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This Is the Mountain
     

This Is the Mountain

by Miriam Moss, Adrienne Kennaway (Illustrator)
 

A celebration of Mt Kilimanjaro in East Africa and the significance it has on the wildlife that lives within its shadow, on its slopes and high on its peak. Written in beautifully crafted poetic prose, this is the perfect introduction to a rich and varied mountain wilderness.Moss's expertly crafted text builds a wonderfully accurate portrayal of life on the African

Overview

A celebration of Mt Kilimanjaro in East Africa and the significance it has on the wildlife that lives within its shadow, on its slopes and high on its peak. Written in beautifully crafted poetic prose, this is the perfect introduction to a rich and varied mountain wilderness.Moss's expertly crafted text builds a wonderfully accurate portrayal of life on the African mountain. Kennaway's illustrations brilliantly depict the wildlife that depends on the mountain for food and shelter. A visual extravaganza brought to you by the author/illustrator team who produced This is the Tree, This is the Oasis and This is the Reef. An information spread at the end of the book provides more detailed background and the book has been checked by a natural history expert.

Editorial Reviews

School Library Journal
K-Gr 3—In this companion volume to This Is the Reef (2007) and This Is the Oasis (2005, both Frances Lincoln), Moss and Kennaway provide a lovely look at Mt. Kilimanjaro from the grasslands at its base to the snowfields at its summit. The brief text describes the variety of ecosystems along the way. The physical reasons for this layer-cake of habitats are, unfortunately, never addressed. And while the attractive, softly impressionistic watercolors keep time with the limited, sometimes affected text, there is no complete key to their contents. "On giant heather ridges" there is nary a heather in sight. Adults may not know the meaning of "kangas" or "shambas," recognize a "turaco," differentiate between a "bushbuck" and an "eland," or be aware that the Masai are famous for their cattle, not their goats. A final two pages on some of the biomes are equally limited. They do give some pointers as to the wildlife, but the reason for the ecological differentiation is left to the imagination. For example, why do "the lower slopes enjoy an average of 2000 mm of rain each year" but the summit and crater "only have snow, little more than 125 mm a year"? Why, indeed.—Patricia Manning, formerly at Eastchester Public Library, NY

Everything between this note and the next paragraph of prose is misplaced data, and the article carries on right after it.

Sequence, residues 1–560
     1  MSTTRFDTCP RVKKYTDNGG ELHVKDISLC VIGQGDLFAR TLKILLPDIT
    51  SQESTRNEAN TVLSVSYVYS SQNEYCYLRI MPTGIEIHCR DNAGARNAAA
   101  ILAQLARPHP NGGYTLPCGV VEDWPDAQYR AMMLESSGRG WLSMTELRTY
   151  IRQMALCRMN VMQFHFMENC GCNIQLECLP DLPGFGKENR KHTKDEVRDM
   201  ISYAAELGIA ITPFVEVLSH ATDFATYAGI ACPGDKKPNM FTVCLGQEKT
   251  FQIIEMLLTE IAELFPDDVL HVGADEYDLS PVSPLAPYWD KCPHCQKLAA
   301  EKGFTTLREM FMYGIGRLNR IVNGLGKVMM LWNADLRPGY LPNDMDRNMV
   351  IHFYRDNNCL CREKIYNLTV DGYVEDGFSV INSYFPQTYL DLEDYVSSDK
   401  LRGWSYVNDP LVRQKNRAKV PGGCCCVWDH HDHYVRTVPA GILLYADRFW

Kirkus Reviews

The great mountain supports a complex system of flora and fauna.

Under an African sky, the breathtaking mountain sits and sleeps, crowned in ice. On grasslands spread out at the foot of the mountain, vast herds of wildlife, from elephants to zebras to baboons, graze. It's also where "the Masai make their homesteads." In the foothills, Chagga women tend "their shambas, / of bananas and yams." Higher up the mountain there are forests, with troops of "catapaulting colobus" and, even higher, a waterfall and small streams where the "shy Suni antelope" and bush pigs and elands dwell. Continuing up to mists and moorland, wild dogs and buffalo and ravens mingle. Even higher is an alpine desert with stones and expanses of grey scree, with mole rats, leopard and striped mice. And at the very top is a "strange lunar landscape,... an alien ice world" of glaciers andpowerful winds that sculpt the ice. "Clouded in mystery, / created in fire. / This is Mount Kilimanjaro." Moss' free verse is powerful and lyrical. Kennaway's watercolors echo the elegance of the writing, though the images seem targeted to a younger audience; not an ideal match for the sophistication of the text or the subject. The last two pages offer a more extensive andprosaic explanation of the climactic and topographic nature of the mountain.

Overall: lovely. (Picture book. 6-9)

Product Details

ISBN-13:
9781845079840
Publisher:
Frances Lincoln Children's Books
Publication date:
06/01/2011
Pages:
32
Product dimensions:
8.60(w) x 10.70(h) x 0.40(d)
Age Range:
7 - 10 Years

Meet the Author

Miriam Moss was born in Aldershot, in Hampshire, and has lived in the Middle East, Africa and China. This is the Tree was shortlisted for the Bisto Award in 2000. She is the author of 75 books, translated into 21 languages. She lives in Lewes, East Sussex.Adrienne Kennaway studied at Ealing Art School and the Accademia de Belle Arte in Rome. A great lover of all forms of nature, she won the 1987 Kate Greenaway Medal for Crafty Chameleon. She lives in County Kerry, Ireland.

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